Residents of New Brighton in Christchurch are preparing to bare their bums in protest at the fate of their troubled suburb.
Local business owner Tony Brooks has organised the cheeky protest to draw attention to the area's plight.
Brooks feels New Brighton has been neglected by Christchurch City Council, even though it was one of the suburbs hardest-hit by the earthquakes.
He hopes the mass mooning will make council realise the depth of feeling among New Brighton residents.
He said he hoped to attract "100 bums" to the protest on December 2 at 11am on the basketball courts by New Brighton Library.
"There are so many reasons why we would do something like this. There is the simple fact that most of us have had enough," he said.
He said he was upset that New Brighton was the last suburb to be the subject of a council regeneration master plan after Lyttelton and Sydenham.
"Aside from infrastructure work, the only thing we can boast in New Brighton is a revamped paddling pool.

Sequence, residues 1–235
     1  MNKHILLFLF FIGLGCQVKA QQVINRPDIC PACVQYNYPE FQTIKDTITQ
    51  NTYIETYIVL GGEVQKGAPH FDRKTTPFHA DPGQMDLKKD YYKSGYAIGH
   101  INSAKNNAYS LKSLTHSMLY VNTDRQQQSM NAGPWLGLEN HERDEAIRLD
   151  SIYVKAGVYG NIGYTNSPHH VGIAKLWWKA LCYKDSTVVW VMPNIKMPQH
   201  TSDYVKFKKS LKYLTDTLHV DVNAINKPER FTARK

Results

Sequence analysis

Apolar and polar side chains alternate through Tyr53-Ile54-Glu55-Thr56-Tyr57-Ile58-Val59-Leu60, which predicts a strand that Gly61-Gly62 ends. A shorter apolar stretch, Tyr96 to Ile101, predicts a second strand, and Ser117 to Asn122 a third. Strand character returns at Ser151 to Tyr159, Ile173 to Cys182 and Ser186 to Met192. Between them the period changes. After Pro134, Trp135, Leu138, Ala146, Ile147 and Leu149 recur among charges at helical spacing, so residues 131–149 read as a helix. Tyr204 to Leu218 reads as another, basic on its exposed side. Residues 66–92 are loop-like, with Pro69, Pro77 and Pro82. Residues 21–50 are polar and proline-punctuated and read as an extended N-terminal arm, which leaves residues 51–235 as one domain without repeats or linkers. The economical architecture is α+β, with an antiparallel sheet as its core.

"We want a commitment from council that they will focus and rebuild the area and commit some funds to it. They haven't given this area enough urgency."
Brooks, who owns the Pierside Cafe, said he didn't think the protest would harm the area's reputation.
"How much more could we ruin the reputation of New Brighton? I love the area and my livelihood is tied up with a business there, but if I'm honest, how much more could we affect its reputation?"
Council public affairs manager Lydia Aydon said she sympathised with the protesters.
"It's a tough time for everyone across the city . . . while this cheeky protest is a novel way of getting the city's attention, the protesters need to know that we do care about New Brighton and we are doing our best," she said.
"The council is working as quickly as possible to repair damaged roads and underground pipes and fix damaged community facilities in New Brighton and across the city.
"The council will also consider a draft New Brighton master plan in early December before asking residents for feedback on revitalisation plans for the area early next year."